In Cathedral City, cannabis businesses must pay a 10% tax on their revenues, just as they do in Palm Springs. Cathedral City also has a cultivation tax of $15 per square foot, which is greater than Palm Springs' $10 per square foot, and a cannabis manufacturing tax of $0.05, $0.10 or $0.40 per gram based on the type of cannabis concentrate.
Cannabis businesses in Cathedral City collectively paid a total of $4.9 million in taxes in the calendar year of 2021, while businesses in Palm Desert collected $3.4 million in the 2020-21 fiscal year. Palm Springs collected $4.8 million in the 2021 calendar year and $4.7 million in the 2020-21 fiscal year.
Palm Desert taxes retail sales at 10% of gross receipts and manufacturers at 2% of gross receipts. The cultivation tax is $13 per square foot.
On May 12, the Cathedral City City Council said it would not support lowering the taxes because of the negative impact doing so would have on city revenues.
Desert Hot Springs and Coachella had not provided cannabis tax revenue figures as of the publication of this story.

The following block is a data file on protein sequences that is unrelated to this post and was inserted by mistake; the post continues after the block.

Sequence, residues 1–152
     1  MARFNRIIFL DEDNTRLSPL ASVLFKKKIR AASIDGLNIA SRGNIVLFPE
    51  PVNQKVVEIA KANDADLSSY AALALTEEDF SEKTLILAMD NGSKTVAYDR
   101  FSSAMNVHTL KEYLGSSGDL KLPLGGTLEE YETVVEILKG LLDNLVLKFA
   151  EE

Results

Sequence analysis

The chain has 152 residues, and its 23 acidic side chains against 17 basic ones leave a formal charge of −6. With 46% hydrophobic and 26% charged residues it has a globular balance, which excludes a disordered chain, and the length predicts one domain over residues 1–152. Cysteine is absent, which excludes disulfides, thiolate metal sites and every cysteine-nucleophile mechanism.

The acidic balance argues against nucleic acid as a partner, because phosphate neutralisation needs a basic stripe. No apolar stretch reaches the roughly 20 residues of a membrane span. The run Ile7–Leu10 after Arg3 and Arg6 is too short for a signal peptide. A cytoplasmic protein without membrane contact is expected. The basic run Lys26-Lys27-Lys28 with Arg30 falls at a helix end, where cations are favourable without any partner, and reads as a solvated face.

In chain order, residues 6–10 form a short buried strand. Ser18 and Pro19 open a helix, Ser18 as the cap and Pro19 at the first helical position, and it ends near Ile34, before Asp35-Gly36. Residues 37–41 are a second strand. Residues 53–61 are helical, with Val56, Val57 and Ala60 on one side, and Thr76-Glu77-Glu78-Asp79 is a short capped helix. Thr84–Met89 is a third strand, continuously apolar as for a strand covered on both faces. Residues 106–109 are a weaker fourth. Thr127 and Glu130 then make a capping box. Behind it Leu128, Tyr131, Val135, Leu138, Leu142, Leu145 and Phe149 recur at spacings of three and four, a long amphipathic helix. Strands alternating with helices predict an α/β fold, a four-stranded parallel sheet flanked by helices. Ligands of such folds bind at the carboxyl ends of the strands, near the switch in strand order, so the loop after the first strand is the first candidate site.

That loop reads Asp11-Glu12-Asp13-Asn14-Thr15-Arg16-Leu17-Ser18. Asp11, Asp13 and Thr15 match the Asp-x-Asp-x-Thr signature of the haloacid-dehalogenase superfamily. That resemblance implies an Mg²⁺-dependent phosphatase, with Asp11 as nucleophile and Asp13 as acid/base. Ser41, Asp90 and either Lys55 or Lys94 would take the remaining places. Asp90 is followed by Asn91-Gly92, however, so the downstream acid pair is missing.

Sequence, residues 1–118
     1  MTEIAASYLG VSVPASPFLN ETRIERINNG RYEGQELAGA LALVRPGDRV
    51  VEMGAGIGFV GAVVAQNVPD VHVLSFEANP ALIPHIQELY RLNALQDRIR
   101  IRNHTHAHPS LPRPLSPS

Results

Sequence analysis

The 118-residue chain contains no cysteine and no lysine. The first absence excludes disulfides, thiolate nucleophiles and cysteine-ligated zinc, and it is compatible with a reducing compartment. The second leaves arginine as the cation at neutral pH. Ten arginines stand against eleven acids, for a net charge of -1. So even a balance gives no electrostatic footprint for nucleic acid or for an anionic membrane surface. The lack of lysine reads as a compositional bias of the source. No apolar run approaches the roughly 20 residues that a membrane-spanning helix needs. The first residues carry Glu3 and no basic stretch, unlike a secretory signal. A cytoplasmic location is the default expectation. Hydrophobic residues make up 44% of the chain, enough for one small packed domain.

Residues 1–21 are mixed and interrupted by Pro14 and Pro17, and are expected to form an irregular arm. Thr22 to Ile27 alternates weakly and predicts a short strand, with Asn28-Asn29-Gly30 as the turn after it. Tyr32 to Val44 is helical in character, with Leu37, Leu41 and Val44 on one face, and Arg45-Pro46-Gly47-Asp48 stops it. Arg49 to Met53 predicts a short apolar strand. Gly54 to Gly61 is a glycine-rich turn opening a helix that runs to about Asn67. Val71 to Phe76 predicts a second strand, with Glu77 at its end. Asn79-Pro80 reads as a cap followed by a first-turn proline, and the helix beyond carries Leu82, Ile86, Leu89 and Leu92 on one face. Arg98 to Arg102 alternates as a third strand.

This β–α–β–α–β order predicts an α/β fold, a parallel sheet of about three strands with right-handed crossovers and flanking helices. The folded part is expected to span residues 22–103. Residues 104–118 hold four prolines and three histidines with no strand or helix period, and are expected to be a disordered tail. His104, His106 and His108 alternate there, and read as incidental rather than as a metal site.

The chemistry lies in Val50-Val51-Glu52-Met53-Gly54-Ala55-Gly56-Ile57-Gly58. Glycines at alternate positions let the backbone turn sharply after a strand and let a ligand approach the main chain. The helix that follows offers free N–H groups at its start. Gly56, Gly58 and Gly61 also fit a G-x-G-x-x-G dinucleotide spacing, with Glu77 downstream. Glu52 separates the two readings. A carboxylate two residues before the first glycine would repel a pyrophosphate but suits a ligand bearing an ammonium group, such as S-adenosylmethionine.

Those dispensary numbers also suggest that both Palm Springs and its neighbors account for an outsized number of the dispensaries in the state. California has 1,383 licensed cannabis retail and delivery operations, plus 219 active microbusinesses (a special license for businesses that grow cannabis on an area of less than $10,000 and distribute the cannabis themselves), according to California Department of Cannabis Control data. There are currently 363 California cities that prohibit retail cannabis dispensaries.
Based on those numbers, Palm Springs accounts for 1.89% of the state's licensed cannabis dispensaries (that number includes microbusinesses) and just 0.11% of its population.
That number could also grow more in the future: two applications submitted in 2022 for dispensary permits are listed as pending, meaning they are still getting approvals from the city.
There are seven permits for dispensaries that are listed as "permitted but not operational." That means that the city has issued the permit, but permits from the state are still pending, said Veronica E. Goedhart, the director of the city's department of special program compliance.
The permit for Joy Meredith's Joy of Wellness dispensary has been suspended since January after the city investigated the operation and determined that Meredith had participated in unregulated growing and selling of cannabis.
While several license applications have been withdrawn or surrendered before a planned dispensary ever came online, there has not been a case of a dispensary surrendering its permit once it was open.
"Most people attempt to sell [their permit]," Goedhart said.
New entrant embracing competition
The increasing crowdedness of the dispensary markets in Palm Springs and the broader valley did not escape the notice of The Row House's owner, Ryan Mierau, as he made plans to open his operation.